“the biosphere is composed of differences. If it is humankind’s mission to devise a coded system of signals to integrate this most inclusive of living systems, our monetary system must recognize those differences or continue to annihilate them” (p. 174, The Power of the Machine).

Modern industrial cosmology has lead to the dissociation of the human economy and the earth economy. Earth is a diverse community of organisms delicately balanced by millions upon millions of years of co-adaptation. This variety is crucial to its ongoing resiliency. Capitalism seeks to homogenize culture and nature in order to more effectively market its mass produced products everywhere on the globe. It has entirely transformed Gaia too quickly for Her species, including the human, to adapt. We are increasingly threatened by the worldlessness produced by an economic system that values profitability (the replication of money) over productivity (the recreation of life).

Only the “subversive implications of genuine spirituality” can reverse the spread of worldlessness, since, says Hornborg,

“the concept of sanctity is diametrically opposed to the notion of generalized interchangeability on which modernity is founded. To suggest a mountain or a person’s time are not for sale is incongruent with the basic premises of the modern project” (p. 236, ibid.).

In my presentation at Burning Man this year (2pm on Tuesday, Aug 30th @ Camp Cosmicopia located ~ 8 A), I want to suggest that ancient cosmology, specifically that emerging out of the Platonic tradition, has much to teach the modern mind about what it means to be human on planet earth. Modern cosmology is disenchanted, which is to say that it no longer integrates the reality of soul, whether that of the individual or that of the universe. Each human being is conceived of as an isolated atom of tragic identity lost in an immense storm of random, chaotic change. To even call this a cosmology is to stretch the meaning of the term, since industrialism offers no explicit vision of the universe as a whole. It denies wholeness, instead encouraging each separate individual to pursue its own selfish ends in the hope that its sense of dissatisfaction with life might find some temporary reprieve in the fleeting pleasures of consumption.

Platonic cosmology, in contrast, situates the human being in a living and intelligent universe. The life of the individual soul is understood to participate in the life of the World Soul. Though the trauma of birth makes it forgetful, the individual soul is said to be capable of remembering its origin in the everlasting Soul of the World by looking skyward and contemplating the holy rhythms of the circling stars above. The movements of the heavenly bodies are the visible signs of the World Soul’s invisible formative power. The heavenly motions reflect the earthly soul’s emotions, mirroring (not determining) its inner life.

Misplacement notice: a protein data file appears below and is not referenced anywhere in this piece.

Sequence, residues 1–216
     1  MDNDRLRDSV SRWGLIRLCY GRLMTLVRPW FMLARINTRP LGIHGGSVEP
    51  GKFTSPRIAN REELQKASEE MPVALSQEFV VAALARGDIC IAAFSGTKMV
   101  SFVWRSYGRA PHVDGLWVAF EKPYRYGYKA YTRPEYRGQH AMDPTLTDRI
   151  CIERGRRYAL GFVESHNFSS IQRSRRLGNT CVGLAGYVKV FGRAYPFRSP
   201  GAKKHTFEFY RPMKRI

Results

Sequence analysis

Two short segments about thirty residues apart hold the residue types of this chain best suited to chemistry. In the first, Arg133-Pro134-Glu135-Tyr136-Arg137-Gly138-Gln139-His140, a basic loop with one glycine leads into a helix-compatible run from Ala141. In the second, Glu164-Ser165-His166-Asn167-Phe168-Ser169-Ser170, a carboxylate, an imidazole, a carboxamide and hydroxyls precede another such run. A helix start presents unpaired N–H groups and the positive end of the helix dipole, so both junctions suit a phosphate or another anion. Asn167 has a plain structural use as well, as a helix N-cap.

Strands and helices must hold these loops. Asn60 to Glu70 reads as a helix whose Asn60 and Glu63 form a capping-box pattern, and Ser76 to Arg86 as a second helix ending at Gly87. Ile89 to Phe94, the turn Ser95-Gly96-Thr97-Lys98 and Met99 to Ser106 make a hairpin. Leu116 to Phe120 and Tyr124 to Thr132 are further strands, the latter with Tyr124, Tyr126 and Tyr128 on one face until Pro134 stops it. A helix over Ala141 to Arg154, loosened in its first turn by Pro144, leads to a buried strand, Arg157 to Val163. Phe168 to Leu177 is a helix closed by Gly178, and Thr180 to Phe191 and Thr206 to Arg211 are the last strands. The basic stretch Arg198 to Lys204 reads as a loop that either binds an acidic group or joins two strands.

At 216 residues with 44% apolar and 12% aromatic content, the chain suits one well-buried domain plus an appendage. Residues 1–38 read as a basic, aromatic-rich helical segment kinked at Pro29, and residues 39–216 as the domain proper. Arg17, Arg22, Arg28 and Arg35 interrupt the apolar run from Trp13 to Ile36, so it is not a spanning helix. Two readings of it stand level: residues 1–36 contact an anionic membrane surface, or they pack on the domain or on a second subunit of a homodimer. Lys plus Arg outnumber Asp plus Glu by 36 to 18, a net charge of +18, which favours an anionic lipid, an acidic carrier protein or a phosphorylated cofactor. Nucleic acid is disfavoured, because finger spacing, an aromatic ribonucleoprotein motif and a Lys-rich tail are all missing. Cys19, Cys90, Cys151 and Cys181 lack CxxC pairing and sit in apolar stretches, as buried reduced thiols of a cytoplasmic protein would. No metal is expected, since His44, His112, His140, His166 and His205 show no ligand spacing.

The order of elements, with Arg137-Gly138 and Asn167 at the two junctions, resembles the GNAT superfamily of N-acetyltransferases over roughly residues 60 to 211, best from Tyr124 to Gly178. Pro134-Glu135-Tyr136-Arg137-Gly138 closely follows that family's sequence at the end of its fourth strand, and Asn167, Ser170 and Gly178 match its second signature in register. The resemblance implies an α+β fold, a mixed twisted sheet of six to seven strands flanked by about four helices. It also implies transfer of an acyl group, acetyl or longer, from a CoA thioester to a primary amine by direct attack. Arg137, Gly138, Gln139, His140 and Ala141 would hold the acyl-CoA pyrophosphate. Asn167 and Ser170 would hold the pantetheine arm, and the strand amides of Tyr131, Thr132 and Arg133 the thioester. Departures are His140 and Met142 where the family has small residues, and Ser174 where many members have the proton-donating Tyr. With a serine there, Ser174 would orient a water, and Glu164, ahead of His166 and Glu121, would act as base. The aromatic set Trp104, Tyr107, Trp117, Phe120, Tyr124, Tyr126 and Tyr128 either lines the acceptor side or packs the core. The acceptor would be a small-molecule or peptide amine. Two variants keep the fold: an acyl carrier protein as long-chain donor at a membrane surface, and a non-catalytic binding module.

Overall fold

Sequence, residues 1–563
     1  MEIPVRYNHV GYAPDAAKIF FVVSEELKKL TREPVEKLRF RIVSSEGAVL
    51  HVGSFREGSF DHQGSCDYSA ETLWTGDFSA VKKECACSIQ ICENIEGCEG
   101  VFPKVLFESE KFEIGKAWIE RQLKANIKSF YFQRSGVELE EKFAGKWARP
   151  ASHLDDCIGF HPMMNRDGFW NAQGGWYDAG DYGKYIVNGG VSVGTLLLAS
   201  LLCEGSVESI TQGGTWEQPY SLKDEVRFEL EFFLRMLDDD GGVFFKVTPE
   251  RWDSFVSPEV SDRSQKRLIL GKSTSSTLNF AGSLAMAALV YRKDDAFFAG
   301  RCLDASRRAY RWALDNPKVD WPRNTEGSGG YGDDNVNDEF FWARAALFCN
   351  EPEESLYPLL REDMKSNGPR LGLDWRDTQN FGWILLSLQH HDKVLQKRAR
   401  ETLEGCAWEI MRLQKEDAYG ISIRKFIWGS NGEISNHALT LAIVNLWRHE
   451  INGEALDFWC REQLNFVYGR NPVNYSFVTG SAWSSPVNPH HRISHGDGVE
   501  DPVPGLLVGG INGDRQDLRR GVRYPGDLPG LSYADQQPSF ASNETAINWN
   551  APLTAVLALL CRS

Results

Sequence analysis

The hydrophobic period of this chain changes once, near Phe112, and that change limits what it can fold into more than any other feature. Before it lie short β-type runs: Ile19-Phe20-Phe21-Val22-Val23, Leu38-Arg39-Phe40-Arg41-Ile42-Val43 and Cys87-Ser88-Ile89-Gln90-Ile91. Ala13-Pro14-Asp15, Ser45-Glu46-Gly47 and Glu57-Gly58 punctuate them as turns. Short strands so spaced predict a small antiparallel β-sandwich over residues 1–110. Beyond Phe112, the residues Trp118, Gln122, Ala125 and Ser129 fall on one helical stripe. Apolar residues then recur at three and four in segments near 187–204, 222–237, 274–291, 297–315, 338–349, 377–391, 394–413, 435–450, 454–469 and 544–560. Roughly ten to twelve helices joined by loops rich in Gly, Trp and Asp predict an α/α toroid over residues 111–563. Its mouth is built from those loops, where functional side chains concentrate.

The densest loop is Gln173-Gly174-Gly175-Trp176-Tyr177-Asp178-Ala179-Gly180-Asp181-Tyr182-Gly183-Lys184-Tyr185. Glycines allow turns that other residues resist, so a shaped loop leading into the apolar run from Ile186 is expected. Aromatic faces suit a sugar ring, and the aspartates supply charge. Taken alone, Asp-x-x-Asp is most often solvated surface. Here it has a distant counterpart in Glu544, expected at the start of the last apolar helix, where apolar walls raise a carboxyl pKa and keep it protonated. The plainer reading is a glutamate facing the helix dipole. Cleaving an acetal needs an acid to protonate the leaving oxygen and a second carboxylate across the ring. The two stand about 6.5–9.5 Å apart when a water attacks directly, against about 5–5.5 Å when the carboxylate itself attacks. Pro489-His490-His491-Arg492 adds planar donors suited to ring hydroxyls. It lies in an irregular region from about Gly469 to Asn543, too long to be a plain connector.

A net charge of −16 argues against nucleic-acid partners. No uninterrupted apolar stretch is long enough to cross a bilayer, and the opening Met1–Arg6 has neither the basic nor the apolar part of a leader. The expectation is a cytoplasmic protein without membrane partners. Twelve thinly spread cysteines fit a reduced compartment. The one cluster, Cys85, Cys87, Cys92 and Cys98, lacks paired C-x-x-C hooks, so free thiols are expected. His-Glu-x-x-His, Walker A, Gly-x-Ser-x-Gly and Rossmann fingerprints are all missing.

Plato’s vision of the universe is initiatory, since it is a cosmology –a way of speaking the cosmos– that goes beyond mere secondhand description to direct participation in the meaning of the world. Modern cosmology tends to speak at or about the universe, while Plato sought to speak to and with the universe. The earth and the other planets are not merely chunks of rock, but ensouled creatures — gods, even. It is my opinion that we are approaching a crisis in scientific cosmology not seen since the time of Copernicus. We are on the verge of a new consciousness of a new cosmos, a transformation in our fundamental image of the world no less profound and earth-shaking than the emergence of the heliocentric theory. With this new cosmology will come a new culture, a new way of being human, based not on work and the replication of money, but on play and the recreation of life. Perhaps Burning Man provides a small a preview of the possibilities…